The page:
Windows 7 Forums
Welcome to Windows 7 Forums. Our forum is dedicated to helping you find support and solutions for any problems regarding your Windows 7 PC be it Dell, HP, Acer, Asus or a custom build. We also provide an extensive Windows 7 tutorial section that covers a wide range of tips and tricks.


Windows 7: 64 bit or x84


17 Sep 2010   #1

Windows 7 Pro 64bit
 
 
64 bit or x84

The old desktop is 32 bit
the new laptop is 64 bit
So why is it that I read x84?

My System SpecsSystem Spec
.

17 Sep 2010   #2

Windows 7 Ultimate x64 SP1
 
 

I'm not sure I fully understand your question but it appears you are referring to x86 and not x84, correct?

x86 is the name for the basic instruction set architecture of the processor and encompasses 16 bit, 32 bit and 64 bit systems.
My System SpecsSystem Spec
17 Sep 2010   #3

64-bit Windows 8.1 Pro
 
 

While your new laptop may be 64bit capable, it sounds like you have the 32bit version of Windows installed...
My System SpecsSystem Spec
.


17 Sep 2010   #4

Windows 7 Pro 64bit
 
 

Thanks Miked ... you did understand the question
It's just me (and no doubt lots of others like me) who are slow with
the jargon. It's just a fact of modern, electronic life that new things
are rarely explained ...one has to find out for oneself.
Now there's one more bit that I do understand.

No Tews, Win 7 is istalled as 64-bit
My System SpecsSystem Spec
17 Sep 2010   #5

Windows 7 Ultimate x64 and Home Premium x64
 
 

x86 refers also mostly to the PC 80x86 processor based stuff, which includes 8 bit, 16 bit and 32 bit processing. Basically, the PC started as a 8086 Processor, and then became the 80286, 80386, 80486, then morphed into Pentium (80586) processor name. Since around Pentium 4 or so, the PC processor started being able to do 64 bit processing (Well, more so when the Xeon and then Itanium class Processor was brought in). When the 64-bit processors started coming, the need for 64 bit operating systems for this class of processor was necessary for Windows to take actual advantage of the hardware and also the new boundaries it can branch out to.

Remember, we did have 'transitional' bounds with certain OSes. Like With Win95/98, we had drive space boundaries and it was mostly flipping from different drive formating (Like FAT32 to NTFS) and the ever growing ability of memory. 32 bit bit processing had a limitation with memory addressing which 64 bit processing now exceeds.

Microsoft still had to support prior processing needs, namely the 32 and 16 bit programs, but also wanted to separate out the 64 bit programs from installing over the 32 bit processing needs, hence the (x86) designation in the installers when they look at 64 bit Windows OS.
My System SpecsSystem Spec
17 Sep 2010   #6

Windows 7 Ultimate x64 SP1
 
 

I wouldn't call it new jargon. Microsoft has been using the x86 and x64 terms for quite some time now, probably close to a decade. The problem is, two many people insist on typing out 32 bit or 64 bit, instead of sticking with the standard, simpler terms.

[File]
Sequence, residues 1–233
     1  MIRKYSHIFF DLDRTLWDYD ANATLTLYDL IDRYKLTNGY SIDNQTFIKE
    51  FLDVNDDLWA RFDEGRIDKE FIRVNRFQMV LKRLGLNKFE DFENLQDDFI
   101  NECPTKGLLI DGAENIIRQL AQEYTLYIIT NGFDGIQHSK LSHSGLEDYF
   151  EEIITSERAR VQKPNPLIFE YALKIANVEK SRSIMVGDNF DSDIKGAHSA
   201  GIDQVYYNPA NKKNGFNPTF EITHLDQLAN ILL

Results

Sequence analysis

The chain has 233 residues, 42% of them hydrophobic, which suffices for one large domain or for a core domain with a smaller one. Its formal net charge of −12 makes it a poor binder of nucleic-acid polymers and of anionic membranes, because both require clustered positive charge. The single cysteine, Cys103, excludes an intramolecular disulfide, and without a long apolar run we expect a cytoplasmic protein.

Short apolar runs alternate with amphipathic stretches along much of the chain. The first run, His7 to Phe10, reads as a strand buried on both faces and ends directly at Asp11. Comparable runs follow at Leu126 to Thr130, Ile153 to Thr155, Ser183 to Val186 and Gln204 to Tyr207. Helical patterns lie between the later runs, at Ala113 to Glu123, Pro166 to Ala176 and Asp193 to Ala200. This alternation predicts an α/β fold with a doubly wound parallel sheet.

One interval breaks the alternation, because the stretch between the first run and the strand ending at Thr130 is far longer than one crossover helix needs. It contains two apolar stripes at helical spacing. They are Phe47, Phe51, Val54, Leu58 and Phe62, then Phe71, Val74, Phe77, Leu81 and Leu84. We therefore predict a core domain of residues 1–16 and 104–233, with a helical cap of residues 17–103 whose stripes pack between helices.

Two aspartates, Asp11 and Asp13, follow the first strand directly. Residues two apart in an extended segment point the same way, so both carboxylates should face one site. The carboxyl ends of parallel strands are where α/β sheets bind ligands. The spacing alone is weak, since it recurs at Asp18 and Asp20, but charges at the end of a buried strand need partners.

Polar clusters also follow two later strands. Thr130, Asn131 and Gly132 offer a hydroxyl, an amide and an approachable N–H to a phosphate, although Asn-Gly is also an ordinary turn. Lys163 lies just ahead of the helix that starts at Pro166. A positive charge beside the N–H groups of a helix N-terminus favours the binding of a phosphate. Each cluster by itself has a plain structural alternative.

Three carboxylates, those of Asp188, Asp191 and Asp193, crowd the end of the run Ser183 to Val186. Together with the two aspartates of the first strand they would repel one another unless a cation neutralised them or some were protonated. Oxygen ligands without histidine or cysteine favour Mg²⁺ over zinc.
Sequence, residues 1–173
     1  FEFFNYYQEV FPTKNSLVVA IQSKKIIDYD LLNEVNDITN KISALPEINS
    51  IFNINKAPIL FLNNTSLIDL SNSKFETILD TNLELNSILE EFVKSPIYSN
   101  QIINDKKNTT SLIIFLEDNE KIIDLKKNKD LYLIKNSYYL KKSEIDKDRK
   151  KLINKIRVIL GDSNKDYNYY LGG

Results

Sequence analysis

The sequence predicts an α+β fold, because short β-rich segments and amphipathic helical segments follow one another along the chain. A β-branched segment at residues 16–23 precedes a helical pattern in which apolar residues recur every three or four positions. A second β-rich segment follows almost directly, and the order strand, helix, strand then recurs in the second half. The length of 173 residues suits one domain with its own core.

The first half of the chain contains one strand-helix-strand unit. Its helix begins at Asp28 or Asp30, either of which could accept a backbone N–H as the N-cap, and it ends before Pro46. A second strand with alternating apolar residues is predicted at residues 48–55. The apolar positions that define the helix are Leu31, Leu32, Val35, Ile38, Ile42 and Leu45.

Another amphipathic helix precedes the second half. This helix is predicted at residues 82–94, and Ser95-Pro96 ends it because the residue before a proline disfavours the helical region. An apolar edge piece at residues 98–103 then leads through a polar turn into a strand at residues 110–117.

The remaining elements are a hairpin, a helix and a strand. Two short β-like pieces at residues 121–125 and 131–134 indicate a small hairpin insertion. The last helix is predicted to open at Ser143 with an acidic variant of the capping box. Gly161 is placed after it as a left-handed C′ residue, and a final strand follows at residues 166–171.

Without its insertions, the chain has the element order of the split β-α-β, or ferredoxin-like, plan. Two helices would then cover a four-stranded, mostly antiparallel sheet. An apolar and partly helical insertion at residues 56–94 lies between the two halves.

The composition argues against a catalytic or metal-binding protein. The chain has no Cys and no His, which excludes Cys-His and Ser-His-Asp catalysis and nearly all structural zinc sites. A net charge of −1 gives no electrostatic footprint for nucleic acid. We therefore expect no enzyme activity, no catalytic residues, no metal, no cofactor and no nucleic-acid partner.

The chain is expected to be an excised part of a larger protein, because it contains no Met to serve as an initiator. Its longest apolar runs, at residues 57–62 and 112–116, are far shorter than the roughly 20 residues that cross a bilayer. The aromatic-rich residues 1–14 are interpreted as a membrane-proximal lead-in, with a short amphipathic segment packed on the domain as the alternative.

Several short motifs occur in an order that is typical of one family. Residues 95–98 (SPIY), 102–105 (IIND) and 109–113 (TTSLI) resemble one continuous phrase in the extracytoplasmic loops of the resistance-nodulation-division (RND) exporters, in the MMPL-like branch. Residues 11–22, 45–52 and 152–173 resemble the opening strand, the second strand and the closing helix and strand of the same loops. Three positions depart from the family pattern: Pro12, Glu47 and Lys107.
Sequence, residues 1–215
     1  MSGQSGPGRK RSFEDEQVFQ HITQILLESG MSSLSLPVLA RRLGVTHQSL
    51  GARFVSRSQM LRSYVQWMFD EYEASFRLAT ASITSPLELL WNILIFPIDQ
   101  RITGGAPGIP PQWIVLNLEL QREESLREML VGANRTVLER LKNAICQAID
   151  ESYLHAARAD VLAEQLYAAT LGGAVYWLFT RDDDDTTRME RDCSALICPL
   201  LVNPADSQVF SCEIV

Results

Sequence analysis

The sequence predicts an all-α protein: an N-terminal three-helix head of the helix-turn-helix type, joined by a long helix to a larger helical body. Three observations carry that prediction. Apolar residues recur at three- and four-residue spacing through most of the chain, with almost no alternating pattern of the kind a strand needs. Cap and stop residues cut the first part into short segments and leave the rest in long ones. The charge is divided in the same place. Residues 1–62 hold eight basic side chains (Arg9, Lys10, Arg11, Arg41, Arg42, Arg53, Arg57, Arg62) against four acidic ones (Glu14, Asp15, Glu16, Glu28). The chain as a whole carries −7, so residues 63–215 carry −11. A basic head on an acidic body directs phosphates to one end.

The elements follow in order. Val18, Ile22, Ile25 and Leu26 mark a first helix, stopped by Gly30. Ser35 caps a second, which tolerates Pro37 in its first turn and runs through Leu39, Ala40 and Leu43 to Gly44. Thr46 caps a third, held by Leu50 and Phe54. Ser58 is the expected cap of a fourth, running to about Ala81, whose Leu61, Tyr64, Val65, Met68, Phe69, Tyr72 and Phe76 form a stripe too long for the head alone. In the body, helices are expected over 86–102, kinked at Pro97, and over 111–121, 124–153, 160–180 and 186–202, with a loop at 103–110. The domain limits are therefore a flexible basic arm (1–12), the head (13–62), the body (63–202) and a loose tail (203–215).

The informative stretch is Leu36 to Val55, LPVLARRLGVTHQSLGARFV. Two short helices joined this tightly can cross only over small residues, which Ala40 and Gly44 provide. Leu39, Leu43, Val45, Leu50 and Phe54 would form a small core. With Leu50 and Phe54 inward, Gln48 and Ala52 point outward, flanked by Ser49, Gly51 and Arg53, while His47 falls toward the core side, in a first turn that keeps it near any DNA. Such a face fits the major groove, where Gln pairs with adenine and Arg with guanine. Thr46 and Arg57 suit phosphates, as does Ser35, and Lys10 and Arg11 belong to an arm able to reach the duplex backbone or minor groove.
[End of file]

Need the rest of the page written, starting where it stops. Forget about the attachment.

My System SpecsSystem Spec
17 Sep 2010   #7
Microsoft MVP

W 7 64-bit Ultimate
 
 

Hello nithig, welcome to Seven Forums!



Have a look at the article at the link below, it explains a lot.

64-bit: More than just the RAM
My System SpecsSystem Spec
17 Sep 2010   #8
Microsoft MVP

Windows 8.1 Pro with Media Center 64 bit
 
 

I believe the x86 came from the fact that Intel numbered thier line of processors 8086, 80186, 80286, 386, 486, 586 (pentium) etc, so it ended up being referred to as the x86 instruction set. The early chips are 16 bit and the 386 and up are 32 bit. At some point people just dropped the 80 and would say I have a 386 or 486 etc.
My System SpecsSystem Spec
17 Sep 2010   #9

Systems 1 and 2: Windows 7 Enterprise x64, Win 8 Developer
 
 

You have a 64-bit processor running a 32-bit operating system. No harm. You always can purchase a 64-bit operating system later on. Note - you cannot upgrade from 32-bit to 64-bit operating system. It has to be a new full install.
My System SpecsSystem Spec
17 Sep 2010   #10

Windows 7 Ultimate x64 and Home Premium x64
 
 

Quote   Quote: Originally Posted by Lemur View Post
You have a 64-bit processor running a 32-bit operating system. No harm. You always can purchase a 64-bit operating system later on. Note - you cannot upgrade from 32-bit to 64-bit operating system. It has to be a new full install.
This reminds me of the following joke:

Windows 95: n. 32 bit extensions and a graphical shell for a 16 bit patch to an 8 bit operating system originally coded for a 4 bit microprocessor, written by a 2 bit company, that can't stand 1 bit of competition.
My System SpecsSystem Spec
Reply

 64 bit or x84




Thread Tools



Our Sites

Site Links

About Us

Find Us

Windows 7 Forums is an independent web site and has not been authorized, sponsored, or otherwise approved by Microsoft Corporation. "Windows 7" and related materials are trademarks of Microsoft Corp.

Designer Media Ltd

All times are GMT -5. The time now is 12:19 AM.
Twitter Facebook Google+



Windows 7 Forums

Seven Forums Android App Seven Forums IOS App
  

1 2 3 4 5 6 7 8 9 10 11 12 13 14 15 16 17 18 19 20 21 22 23 24 25 26 27 28 29 30 31 32 33